Posted on Dec 28, 2020


EDMONTON – Alberta’s NDP is calling on Jason Kenney and the UCP to reveal — finally — how much federal money they took to subsidize their political operations while failing to secure funding for frontline workers.

Earlier this year, it was revealed that the United Conservative Party used a loophole to access funding from the Canadian Emergency Wage Subsidy program, a COVID-19 program created to support struggling small businesses.

It was later revealed that the UCP has left about $300 million in federal funding in Ottawa that was intended to support frontline workers during the pandemic.

The new Canadian Emergency Wage Website lists the United Conservative Association as being among the recipients of the wage subsidy but does not provide specific details on how much funding was received. As well, the UCP confirmed both to the media and in the Legislative Assembly that their party office was receiving the subsidy, but thus far have failed to state how much they took as part of the bailout of their party operations.

“Jason Kenney and the UCP leapt at the first opportunity to take tax dollars to fund their own political operations, but they have ignored $300 million meant to top-up the pay for Alberta's frontline pandemic heroes,” said NDP Labour Critic Christina Gray.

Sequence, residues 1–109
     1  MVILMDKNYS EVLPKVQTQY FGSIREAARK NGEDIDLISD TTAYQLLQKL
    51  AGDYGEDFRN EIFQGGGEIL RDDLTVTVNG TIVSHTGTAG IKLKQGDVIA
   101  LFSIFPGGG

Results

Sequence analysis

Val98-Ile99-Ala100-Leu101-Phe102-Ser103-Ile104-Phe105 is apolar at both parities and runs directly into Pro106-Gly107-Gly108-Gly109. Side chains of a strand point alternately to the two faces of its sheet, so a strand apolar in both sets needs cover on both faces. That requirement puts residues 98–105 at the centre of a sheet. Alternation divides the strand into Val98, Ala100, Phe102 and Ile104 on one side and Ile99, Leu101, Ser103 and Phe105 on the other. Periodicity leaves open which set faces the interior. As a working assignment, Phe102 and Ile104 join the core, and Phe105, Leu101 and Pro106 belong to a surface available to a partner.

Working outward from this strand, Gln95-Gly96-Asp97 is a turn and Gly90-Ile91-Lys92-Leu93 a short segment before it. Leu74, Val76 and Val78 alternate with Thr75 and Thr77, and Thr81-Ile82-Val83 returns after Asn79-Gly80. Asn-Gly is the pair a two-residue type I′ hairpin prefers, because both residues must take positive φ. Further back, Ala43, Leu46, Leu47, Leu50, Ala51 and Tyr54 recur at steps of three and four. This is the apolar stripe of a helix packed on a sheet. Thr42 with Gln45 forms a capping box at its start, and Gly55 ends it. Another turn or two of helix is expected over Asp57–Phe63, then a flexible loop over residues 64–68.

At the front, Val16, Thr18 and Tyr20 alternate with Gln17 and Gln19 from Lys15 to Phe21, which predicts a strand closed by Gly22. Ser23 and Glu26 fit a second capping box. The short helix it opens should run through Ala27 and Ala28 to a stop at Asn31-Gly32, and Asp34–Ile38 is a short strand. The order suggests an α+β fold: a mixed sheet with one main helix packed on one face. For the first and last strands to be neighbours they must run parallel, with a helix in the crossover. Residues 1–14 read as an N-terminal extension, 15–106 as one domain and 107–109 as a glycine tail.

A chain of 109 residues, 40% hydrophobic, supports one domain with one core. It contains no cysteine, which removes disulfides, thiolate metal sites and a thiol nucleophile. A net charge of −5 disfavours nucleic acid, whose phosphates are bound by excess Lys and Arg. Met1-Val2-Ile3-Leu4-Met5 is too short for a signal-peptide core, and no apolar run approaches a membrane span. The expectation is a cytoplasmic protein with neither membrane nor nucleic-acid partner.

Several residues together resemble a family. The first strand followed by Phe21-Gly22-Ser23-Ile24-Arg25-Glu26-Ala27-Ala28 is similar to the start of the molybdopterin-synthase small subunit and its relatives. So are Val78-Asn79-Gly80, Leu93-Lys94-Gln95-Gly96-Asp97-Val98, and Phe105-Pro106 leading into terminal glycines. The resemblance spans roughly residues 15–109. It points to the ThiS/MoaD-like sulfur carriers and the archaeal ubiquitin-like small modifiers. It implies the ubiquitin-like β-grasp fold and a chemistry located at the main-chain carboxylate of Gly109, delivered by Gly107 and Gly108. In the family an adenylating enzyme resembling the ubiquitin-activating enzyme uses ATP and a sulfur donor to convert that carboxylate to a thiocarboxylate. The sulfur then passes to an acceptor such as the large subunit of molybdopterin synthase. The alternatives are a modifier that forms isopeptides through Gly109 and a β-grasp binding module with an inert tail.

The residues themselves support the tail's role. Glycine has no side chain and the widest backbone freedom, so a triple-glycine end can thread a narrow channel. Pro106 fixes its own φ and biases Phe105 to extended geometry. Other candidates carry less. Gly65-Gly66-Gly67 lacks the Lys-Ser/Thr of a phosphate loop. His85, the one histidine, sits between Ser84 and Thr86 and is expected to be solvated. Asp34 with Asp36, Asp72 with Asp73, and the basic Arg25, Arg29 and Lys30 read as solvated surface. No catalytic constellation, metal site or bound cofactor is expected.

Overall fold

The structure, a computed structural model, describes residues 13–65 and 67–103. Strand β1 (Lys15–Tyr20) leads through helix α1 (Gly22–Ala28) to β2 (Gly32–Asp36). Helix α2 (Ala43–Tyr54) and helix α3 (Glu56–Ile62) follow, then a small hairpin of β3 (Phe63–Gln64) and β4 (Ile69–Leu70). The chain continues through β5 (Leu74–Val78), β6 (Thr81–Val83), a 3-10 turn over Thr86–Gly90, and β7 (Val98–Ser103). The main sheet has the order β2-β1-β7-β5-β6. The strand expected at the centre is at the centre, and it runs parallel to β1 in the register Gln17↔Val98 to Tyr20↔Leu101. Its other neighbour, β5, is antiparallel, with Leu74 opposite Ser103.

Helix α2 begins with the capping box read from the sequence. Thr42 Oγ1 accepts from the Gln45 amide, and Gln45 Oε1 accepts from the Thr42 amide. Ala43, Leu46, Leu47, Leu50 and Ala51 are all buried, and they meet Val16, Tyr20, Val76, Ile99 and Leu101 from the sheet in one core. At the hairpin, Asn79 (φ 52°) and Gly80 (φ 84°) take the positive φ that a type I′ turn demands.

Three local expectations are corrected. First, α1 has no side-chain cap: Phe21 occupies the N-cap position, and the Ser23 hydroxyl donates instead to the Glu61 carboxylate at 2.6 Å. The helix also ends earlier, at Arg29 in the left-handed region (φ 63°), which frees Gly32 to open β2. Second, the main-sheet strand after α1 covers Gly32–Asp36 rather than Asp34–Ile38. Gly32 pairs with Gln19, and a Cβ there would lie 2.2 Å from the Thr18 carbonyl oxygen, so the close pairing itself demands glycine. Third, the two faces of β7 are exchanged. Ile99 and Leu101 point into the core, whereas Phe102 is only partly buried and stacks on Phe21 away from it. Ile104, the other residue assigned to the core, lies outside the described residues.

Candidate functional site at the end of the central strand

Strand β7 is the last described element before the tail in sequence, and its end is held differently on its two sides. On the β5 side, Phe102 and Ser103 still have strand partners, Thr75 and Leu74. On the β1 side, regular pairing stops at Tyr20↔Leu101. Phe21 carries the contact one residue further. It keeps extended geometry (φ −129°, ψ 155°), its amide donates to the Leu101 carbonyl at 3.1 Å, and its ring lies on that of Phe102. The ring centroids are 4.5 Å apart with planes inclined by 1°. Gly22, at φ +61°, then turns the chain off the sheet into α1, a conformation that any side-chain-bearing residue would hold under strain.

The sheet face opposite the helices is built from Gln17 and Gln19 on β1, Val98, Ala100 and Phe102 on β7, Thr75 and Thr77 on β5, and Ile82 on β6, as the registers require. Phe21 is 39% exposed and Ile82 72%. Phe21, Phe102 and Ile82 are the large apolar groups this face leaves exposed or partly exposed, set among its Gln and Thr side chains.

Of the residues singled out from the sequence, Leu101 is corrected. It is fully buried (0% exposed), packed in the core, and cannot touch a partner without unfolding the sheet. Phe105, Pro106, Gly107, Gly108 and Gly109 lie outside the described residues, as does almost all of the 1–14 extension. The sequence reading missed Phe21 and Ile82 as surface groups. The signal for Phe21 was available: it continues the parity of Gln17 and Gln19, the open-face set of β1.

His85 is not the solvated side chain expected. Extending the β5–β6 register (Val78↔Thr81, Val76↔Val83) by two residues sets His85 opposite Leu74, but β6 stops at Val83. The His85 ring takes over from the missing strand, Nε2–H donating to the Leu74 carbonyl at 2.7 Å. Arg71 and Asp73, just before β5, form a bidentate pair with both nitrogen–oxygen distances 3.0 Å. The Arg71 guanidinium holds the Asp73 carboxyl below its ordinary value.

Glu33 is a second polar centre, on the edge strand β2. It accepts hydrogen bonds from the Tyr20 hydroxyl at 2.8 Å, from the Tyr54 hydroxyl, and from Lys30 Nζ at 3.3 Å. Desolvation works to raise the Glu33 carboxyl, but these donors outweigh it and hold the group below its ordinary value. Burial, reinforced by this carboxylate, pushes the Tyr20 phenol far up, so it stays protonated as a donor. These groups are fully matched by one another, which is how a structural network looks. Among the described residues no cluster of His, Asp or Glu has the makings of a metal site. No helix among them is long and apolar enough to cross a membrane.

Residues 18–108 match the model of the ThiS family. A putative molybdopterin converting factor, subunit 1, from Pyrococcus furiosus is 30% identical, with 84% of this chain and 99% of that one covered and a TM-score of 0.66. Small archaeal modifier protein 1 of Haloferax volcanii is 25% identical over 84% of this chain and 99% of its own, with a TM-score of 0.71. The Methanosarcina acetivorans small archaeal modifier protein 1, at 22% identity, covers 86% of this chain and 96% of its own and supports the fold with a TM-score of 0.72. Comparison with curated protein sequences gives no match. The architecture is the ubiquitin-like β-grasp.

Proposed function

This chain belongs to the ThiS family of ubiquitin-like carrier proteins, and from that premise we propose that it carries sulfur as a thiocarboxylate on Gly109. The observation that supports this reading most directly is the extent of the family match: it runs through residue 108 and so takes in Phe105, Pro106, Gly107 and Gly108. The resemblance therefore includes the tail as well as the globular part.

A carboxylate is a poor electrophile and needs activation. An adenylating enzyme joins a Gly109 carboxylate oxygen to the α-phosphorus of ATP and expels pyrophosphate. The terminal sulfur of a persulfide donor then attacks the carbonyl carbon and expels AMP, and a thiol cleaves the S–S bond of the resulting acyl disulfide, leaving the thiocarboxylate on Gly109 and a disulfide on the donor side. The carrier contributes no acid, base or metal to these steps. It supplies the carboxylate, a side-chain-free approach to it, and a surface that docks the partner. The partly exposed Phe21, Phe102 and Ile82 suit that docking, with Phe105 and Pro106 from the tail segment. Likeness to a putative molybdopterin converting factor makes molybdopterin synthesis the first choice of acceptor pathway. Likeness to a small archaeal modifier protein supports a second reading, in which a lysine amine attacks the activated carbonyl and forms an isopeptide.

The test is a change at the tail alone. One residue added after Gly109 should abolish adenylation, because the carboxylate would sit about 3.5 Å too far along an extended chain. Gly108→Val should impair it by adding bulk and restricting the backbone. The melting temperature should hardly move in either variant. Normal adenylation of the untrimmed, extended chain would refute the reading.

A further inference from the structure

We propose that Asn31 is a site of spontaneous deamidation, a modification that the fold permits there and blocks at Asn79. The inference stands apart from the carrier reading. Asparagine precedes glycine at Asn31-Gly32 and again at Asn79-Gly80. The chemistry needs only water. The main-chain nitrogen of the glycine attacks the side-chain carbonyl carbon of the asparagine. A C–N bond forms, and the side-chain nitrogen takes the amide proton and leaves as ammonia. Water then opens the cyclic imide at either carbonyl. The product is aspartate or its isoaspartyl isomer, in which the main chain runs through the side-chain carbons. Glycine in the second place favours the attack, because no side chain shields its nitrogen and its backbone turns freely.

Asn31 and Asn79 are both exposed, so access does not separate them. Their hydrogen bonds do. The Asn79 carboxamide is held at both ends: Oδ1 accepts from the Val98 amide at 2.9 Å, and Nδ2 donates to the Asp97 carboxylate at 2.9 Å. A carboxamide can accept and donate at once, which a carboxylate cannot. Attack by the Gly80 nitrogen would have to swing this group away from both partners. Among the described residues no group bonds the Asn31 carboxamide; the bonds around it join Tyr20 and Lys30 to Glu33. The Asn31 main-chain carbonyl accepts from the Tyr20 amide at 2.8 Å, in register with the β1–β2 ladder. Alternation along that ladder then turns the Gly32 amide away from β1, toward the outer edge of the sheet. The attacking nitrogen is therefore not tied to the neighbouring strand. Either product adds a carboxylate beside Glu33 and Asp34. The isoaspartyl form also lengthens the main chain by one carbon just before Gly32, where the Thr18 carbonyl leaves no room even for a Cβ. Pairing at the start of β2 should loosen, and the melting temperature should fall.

“They have no problem taking public money to fund their operations – fundraising, attacking political opponents — but can’t be bothered to support Albertans.

So, I’m calling on the UCP to, at the very least, publicly disclose how much Canadians were forced to contribute to their political operation. It’s our money, we deserve to know.”

It has also been revealed that, following the 2019 election, the UCP's fiscal incompetence led them to massive party debt and deficit. It’s likely incompetent UCP management was part of the reason they felt entitled to this subsidy program they should not have been eligible for.

“We have a UCP political staff getting paid with federal funding while there are threats of layoffs and pay cuts for frontline healthcare workers the moment the pandemic is over,” said NDP Democracy & Ethics Critic Heather Sweet. “The ethical thing to do is at least come clean with Albertans on how much the people of our province and our country have given to pay down UCP debts and cover wages of their political staff.”

The Alberta NDP is proud to have worked to support Albertans and Alberta businesses during this pandemic, and to have done so without taking subsidies.  UCP members should be ashamed that their party's leaders took tax dollars intended to help struggling businesses survive.